The Daily Star (Lebanon)
Local drug manufacturers want boost
BEIRUT: With pharmaceutical consumption in Lebanon tipped to rise in the next few years, domestic drug producers are calling on the government to extend support to help a sector that faces significant international competition.
A 2016 Business Monitor International report on the Lebanese pharmaceutical and health care industry stated that 3.22 percent of Lebanon GDP spending was likely to be on pharmaceuticals by 2020 – the “largest” in the MENA region.
The steady increase in pharmaceutical expenditure has been credited, in part, to the Syrian refugee crisis. There are 1.01 million Syrian refugees registered with UNHCR, but the government estimates the true number to be upward of 1.5 million. With many fleeing conflict and living in impoverished conditions, health issues are widespread.
Although an increase in expenditure is theoretically good news for local pharmaceutical companies, Lebanon’s manufacturers say foreign drug producers will be the ones to cash in on growing business.
This is an issue Industry Minister Hussein Hajj Hasan has sought to address. In his recently launched “National Campaign to Support Lebanese-made Pharmaceuticals,” the minister called on the government to establish a more balanced market of international and domestic drugs while promoting sales overseas.
“Regrettably, many Arab and foreign countries make it very difficult to register Lebanese-made medication and drugs. That makes it nearly impossible to export them to these states,” Hajj Hasan said in a speech at the launch earlier this month.
“There is nothing wrong with the Lebanese-made drugs, because they are thoroughly tested in our labs before shipping them to the markets,” he added.
George Sili, president of the Lebanese Order of Pharmacists, praised the initiative and reiterated the call to enforce balance in the market. “Our total share of the market from drugs we are manufacturing in Lebanon is only 10 percent, while foreign drugs – especially from surrounding countries – are about 90 percent,” Sili told The Daily Star. “Why should we accept all the drugs coming into our market if they will not accept ours?”
Such frustrations are expressed throughout the pharmaceutical industry in Lebanon, compounded by the fact that producers say their drugs meet or surpass international standards. Sili said the situation was more complex than Lebanese products simply being discriminated against, and that countries around the world place industry protections to create a balance of imported and domestic pharmaceuticals.
Carol Abi Karam, general manager of Lebanese pharmaceutical company Pharmaline, said that this was not the case in Lebanon. She said a lack of government protection combined with challenges exporting was a heavy blow to the local industry.
Pharmaline, like all Lebanese pharmaceutical companies, exclusively produces generic alternatives to branded medication. Research and development of new drugs can cost millions and take decades, meaning Lebanese producers look to manufacture drugs under license from the developers – such as pharmaceutical giants GlaxoSmithkline or Astrazeneca.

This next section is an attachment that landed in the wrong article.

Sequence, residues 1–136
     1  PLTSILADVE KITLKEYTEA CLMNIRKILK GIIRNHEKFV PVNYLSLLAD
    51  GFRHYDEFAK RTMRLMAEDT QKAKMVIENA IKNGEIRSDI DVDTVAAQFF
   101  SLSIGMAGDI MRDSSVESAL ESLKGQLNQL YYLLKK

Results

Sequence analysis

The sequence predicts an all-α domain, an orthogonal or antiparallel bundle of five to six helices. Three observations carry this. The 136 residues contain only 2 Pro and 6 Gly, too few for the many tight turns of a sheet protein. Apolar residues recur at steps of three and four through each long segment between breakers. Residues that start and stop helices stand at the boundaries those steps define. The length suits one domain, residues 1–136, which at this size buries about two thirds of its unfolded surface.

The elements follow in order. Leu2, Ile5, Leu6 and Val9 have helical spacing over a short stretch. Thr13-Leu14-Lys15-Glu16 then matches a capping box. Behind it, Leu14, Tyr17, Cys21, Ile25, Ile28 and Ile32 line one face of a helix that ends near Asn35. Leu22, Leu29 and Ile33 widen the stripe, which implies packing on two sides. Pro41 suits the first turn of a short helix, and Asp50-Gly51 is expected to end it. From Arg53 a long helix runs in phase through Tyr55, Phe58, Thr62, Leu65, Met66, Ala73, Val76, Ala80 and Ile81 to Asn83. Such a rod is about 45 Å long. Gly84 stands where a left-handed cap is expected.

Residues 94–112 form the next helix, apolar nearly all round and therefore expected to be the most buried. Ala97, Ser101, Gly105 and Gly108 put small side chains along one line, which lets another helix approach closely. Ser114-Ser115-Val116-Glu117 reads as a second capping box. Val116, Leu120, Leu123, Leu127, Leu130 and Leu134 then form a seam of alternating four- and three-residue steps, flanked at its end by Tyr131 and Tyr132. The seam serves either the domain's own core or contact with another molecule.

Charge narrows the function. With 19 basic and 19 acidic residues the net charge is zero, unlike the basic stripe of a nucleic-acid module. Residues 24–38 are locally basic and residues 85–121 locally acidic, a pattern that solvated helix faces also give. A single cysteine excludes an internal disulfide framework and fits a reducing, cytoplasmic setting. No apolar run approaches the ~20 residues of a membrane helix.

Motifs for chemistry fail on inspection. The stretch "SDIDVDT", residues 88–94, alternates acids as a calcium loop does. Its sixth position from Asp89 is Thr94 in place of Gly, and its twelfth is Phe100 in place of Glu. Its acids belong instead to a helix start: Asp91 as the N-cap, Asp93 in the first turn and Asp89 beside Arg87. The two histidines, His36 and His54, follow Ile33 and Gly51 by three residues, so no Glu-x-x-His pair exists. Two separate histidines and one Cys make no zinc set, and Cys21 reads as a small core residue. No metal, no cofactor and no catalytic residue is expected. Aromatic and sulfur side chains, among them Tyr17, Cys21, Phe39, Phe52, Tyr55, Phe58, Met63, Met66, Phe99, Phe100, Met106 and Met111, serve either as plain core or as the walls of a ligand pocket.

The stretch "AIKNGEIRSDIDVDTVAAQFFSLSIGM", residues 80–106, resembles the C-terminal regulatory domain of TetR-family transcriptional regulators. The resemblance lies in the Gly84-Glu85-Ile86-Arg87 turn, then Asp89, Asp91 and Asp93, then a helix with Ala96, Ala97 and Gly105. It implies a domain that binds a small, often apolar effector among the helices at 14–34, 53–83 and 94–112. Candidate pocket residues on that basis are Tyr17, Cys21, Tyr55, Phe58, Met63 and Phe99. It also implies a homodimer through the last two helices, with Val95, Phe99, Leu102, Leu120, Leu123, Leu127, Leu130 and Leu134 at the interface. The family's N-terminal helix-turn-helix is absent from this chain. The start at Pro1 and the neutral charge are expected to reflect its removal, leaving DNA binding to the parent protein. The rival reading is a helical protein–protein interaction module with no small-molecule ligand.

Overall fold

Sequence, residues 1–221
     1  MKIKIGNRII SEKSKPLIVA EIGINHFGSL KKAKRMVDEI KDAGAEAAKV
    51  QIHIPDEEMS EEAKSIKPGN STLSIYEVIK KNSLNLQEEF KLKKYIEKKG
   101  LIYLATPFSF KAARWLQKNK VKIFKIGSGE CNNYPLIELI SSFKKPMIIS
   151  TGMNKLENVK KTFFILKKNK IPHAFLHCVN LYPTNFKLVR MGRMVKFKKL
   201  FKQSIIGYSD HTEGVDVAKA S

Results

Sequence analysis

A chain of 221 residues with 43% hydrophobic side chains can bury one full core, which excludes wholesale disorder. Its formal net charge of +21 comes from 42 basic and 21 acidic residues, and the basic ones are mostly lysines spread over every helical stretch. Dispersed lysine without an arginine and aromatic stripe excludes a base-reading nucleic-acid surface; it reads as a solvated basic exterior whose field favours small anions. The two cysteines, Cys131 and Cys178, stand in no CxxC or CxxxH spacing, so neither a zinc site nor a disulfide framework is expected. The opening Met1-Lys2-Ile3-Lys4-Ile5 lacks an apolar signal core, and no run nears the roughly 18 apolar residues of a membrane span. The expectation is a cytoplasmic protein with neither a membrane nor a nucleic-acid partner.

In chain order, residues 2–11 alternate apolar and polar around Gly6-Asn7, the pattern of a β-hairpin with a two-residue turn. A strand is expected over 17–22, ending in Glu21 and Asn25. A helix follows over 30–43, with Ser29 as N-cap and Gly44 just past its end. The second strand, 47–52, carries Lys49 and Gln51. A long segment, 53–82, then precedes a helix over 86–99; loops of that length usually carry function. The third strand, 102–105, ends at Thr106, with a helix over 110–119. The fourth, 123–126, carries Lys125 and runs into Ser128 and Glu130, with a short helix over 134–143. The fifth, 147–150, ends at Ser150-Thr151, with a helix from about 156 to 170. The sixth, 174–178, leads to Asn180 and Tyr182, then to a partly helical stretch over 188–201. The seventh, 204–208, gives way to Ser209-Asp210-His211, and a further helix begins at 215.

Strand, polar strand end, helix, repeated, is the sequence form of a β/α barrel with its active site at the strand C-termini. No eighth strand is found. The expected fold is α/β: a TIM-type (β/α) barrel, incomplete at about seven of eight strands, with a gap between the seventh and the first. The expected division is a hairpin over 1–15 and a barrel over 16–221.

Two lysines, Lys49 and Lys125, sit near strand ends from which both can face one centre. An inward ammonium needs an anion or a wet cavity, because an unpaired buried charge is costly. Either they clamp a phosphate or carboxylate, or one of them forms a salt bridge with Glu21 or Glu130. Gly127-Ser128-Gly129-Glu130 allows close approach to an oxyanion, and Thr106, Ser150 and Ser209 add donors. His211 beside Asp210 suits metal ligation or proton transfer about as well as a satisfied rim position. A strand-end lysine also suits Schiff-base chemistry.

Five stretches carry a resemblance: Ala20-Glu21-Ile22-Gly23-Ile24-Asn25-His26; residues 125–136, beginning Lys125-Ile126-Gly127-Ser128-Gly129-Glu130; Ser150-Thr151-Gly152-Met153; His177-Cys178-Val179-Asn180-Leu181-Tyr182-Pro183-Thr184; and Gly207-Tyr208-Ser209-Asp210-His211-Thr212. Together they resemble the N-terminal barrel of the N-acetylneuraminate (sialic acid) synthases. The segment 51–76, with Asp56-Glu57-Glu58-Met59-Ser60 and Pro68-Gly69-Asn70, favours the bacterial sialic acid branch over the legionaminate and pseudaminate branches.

However, the BMI report added that Lebanon was “highly dependent on high-value imported pharmaceuticals” while generic drugs were “marginalized.”
In 2014, former Health Minister Wael Abu Faour forced down the price of many drugs in Lebanon.
This also hit local producers who are required by law to offer generic drugs cheaper than branded ones.
“By law, [generic drugs] should be 30 percent cheaper than the original brand product. But lately, there has been a huge drop in the prices by original brands. Some have come down by 75 to 80 percent,” Abi Karam said.
“Everyone has to understand that quality costs. If we don’t grow our market, how can we decrease our prices further and further?”
However, Abi Karam agreed that protection had to be done carefully. “[Pharmaline] doesn’t want to put barriers because we do support our free economy,” Abi Karam said.
“I don’t want to use the term ‘protection’ because protection will not encourage the industry to develop. Instead, we want the government to creative incentive and opportunity,” she said, adding that the best way to do this would be a more-balanced domestic- to international-drug balance in the country.
In parallel Abi Karam also said the company would look to promote its brand and target doctors and pharmacists who dispense medication.
However, not all support the industry minister’s plan.
Raymond Sayegh, president of the Order of Physicians, was more critical as he told The Daily Star that the fact Lebanon only makes generic drugs means the country is reliant on foreign medications.
“The Lebanese industry is a generic industry, which means we reproduce drugs five years [after they launch] when we have the rights,” he said of the time between a drug launching and generic licenses being issued. “We will not accept being [forced] into a market that is delayed ... we need to give our patients what they need.”
While Sayegh expressed sympathy for the struggling pharmaceutical industry in Lebanon, he also noted that the Order of Physicians could not support the demands of the pharmaceutical industry that he said was creating a “careless market.” “The market may be unbalanced and I know they have economic issues,” Sayegh said. “[However,] we, as the doctors and the Lebanese Order of Physicians, [prioritize] our patients.”